Re: [TLS] Treatment of (legacy_record_)version field [was Re: (strict) decoding of legacy_record_version?]

Eric Rescorla <ekr@rtfm.com> Wed, 23 November 2016 13:18 UTC

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From: Eric Rescorla <ekr@rtfm.com>
Date: Wed, 23 Nov 2016 05:17:52 -0800
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To: Andreas Walz <andreas.walz@hs-offenburg.de>
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Subject: Re: [TLS] Treatment of (legacy_record_)version field [was Re: (strict) decoding of legacy_record_version?]
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On Wed, Nov 23, 2016 at 3:39 AM, Andreas Walz <andreas.walz@hs-offenburg.de>;
wrote:

> Dear all,
>
> bringing up this thread again ....
>
> In the course of studying the way TLS implementations treat the "version"
> (or "legacy_record_version") field in the record header, we were wondering
> (please excuse if we missed some arguments here from past discussions):
>
> (1) What is an implementation (in particular when receiving the first
> bytes over a new connection) supposed to do if the record's version field
> signals a protocol version the implementation does not support? I
> understand that, at this stage, enforcing a specific value (e.g. 0x0301
> according to the TLSv1.3 draft) is detrimental to interoperability.
> However, if that field bears any meaning (in either TLSv1.3 or previous
> versions), what is it? I would expect this field is supposed to allow
> signaling a potentially non-backward compatible record format
> (inauspiciously interfering with a receiver disregarding the record
> version). Provided this field isn't treated as an enum, what about
> checking/enforcing at least the major version as BoringSSL does (as far as
> I know)? In any case, I would propose to be very clear about this in the
> text (my sense was that there is some work in progress, but I couldn't find
> anything). In implementations (<TLSv1.3), we found all kinds of
> interpretations.
>

In general, it should ignore it. It's going to become increasingly common
to have this be a version you don't support given the recommendation to use
0301 and the ongoing deprecation of TLS 1.0. I think it would be fine to
sanity check the major version, but I'm not sure what would be gained by
requiring this.



> (2) What is an implementation (up to TLSv1.2, as the TLSv1.3 spec is
> rather clear about that) supposed to use for the record's protocol version
> field before a version has been agreed upon (e.g. when sending an alert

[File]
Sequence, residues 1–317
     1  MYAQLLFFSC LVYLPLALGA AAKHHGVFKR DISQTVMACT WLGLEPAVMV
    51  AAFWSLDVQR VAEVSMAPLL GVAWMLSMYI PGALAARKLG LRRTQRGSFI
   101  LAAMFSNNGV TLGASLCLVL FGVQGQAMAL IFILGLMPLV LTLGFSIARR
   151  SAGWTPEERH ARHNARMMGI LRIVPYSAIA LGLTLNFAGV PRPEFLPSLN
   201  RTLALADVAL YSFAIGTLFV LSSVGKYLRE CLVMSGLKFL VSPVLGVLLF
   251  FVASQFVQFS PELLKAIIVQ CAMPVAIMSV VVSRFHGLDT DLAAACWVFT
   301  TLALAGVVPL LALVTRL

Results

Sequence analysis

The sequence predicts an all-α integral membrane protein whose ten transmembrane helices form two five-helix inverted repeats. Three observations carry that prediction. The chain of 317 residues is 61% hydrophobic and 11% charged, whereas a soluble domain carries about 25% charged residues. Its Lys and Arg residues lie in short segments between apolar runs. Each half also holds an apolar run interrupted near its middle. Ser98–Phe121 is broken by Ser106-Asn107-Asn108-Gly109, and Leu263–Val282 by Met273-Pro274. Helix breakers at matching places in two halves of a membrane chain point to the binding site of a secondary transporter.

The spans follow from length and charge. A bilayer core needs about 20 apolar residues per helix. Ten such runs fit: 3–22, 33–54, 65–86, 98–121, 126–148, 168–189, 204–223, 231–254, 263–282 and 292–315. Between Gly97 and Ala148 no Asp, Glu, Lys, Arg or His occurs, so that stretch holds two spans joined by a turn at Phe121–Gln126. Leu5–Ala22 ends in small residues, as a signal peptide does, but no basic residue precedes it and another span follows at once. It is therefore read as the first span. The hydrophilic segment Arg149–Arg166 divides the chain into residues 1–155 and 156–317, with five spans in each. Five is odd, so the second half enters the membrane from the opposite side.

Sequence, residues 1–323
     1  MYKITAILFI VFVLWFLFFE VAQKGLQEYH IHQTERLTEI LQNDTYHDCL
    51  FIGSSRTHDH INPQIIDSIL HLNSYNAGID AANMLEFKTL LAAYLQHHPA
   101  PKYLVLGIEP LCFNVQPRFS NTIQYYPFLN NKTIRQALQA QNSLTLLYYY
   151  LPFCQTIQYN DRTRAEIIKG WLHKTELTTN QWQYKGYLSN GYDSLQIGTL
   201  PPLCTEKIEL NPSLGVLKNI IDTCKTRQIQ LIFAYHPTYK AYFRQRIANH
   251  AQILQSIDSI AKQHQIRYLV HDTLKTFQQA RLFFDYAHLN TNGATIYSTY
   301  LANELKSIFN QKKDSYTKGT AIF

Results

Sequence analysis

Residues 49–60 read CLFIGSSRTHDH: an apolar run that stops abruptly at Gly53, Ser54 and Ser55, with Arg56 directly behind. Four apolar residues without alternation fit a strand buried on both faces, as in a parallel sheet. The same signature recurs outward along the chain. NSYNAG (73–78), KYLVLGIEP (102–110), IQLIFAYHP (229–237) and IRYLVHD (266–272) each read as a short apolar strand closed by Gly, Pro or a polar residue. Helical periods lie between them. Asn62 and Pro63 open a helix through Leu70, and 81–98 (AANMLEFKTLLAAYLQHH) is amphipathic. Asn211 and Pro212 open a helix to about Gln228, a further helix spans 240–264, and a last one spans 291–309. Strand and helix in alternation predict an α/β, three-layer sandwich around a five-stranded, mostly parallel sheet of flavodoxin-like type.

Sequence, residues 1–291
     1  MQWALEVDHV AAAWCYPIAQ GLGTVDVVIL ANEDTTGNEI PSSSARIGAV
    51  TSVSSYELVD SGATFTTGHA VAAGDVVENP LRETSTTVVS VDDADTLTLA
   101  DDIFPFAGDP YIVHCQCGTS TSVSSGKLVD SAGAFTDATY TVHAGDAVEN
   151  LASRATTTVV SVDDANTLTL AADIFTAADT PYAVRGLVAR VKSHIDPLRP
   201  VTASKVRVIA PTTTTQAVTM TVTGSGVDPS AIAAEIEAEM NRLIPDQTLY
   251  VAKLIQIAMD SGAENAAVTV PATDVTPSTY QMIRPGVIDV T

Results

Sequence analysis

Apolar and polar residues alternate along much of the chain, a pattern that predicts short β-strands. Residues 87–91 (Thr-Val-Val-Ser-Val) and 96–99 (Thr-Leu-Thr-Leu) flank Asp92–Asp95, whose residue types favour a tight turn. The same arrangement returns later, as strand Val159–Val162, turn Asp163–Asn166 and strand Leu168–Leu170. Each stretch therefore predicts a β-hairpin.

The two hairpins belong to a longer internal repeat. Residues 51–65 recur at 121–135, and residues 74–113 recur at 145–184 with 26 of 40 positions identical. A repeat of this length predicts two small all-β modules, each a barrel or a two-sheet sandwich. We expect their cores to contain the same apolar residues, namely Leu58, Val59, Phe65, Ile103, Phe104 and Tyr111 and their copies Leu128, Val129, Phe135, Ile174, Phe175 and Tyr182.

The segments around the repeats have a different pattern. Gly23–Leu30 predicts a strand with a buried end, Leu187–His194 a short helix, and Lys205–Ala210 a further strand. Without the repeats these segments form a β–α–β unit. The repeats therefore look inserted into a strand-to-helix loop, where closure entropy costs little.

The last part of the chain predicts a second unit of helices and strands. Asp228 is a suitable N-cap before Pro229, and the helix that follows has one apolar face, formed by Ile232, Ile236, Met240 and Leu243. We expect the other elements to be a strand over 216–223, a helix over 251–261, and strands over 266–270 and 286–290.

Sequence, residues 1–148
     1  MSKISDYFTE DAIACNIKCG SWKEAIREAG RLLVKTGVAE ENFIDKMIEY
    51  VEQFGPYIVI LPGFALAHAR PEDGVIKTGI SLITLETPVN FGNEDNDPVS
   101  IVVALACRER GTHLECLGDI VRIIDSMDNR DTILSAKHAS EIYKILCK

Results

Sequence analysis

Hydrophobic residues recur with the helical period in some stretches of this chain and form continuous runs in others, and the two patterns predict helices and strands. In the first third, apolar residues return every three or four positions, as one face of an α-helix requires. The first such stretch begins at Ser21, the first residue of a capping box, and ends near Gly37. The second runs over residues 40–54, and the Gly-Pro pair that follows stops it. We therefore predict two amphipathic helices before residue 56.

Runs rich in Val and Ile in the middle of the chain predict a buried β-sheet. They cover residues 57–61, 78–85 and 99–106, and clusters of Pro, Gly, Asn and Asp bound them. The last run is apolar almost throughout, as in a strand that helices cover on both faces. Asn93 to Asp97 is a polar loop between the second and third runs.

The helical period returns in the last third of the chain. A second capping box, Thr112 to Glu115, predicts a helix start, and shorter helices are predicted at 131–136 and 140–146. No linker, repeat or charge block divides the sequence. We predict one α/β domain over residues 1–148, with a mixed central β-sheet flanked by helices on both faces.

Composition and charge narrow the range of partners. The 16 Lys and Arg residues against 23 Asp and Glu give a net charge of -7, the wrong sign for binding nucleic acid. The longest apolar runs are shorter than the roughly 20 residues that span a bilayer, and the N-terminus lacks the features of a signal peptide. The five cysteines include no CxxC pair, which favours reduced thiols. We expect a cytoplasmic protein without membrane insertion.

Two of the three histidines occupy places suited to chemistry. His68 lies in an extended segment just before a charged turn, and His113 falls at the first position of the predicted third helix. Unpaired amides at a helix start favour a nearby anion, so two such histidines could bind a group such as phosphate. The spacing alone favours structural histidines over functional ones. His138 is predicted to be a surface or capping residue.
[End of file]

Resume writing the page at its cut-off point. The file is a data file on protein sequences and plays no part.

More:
> after receiving an unparsable ClientHello)? My best guess would be to set
> it to the lowest (TLS) protocol version that uses the same record format
> (probably 0x0301). However, we observe several servers which, in such
> cases, answer with an alert with weird record protocol version values, e.g.
> 0x0000.]
>

Yes, this seems like a reasonable procedure. Not sure how to tell TLS 1.2
impls what to do at this point, though.

-Ekr


>
> Thanks and Cheers,
> Andi
>
> ___________________________________
>
> Andreas Walz
> Research Engineer
> Institute of reliable Embedded Systems and Communication Electronics
> (ivESK)
> Offenburg University of Applied Sciences, 77652 Offenburg, Germany
>
>
>
> >>> Benjamin Kaduk <bkaduk@akamai.com>; 11/10/16 5:22 PM >>>
> On 11/08/2016 06:25 PM, Martin Thomson wrote:
>
> On 9 November 2016 at 05:59, Brian Smith <brian@briansmith.org>; <brian@briansmith.org>; wrote:
>
> This isn't a pervasively shared goal, though. It's good to let the browsers
> police things if they want, but I think a lot of implementations would
> prefer to avoid doing work that isn't necessary for interop or security.
>
> If you permit someone to enforce it, then that is sufficient.  I don't
> think that we should ever force someone to enforce these sorts of
> things (as you say, sometimes strict enforcement isn't cheap or even
> desirable).
>
>
> Agreed.  We should probably change the text a bit, though, as right now
> readers can get two different readings depending on whether they go for a
> strict decode_error (or illegal_parameter?) since the struct doesn't match
> the definition, or follow the "MUST be ignored for all purposes".
>
> -Ben
>
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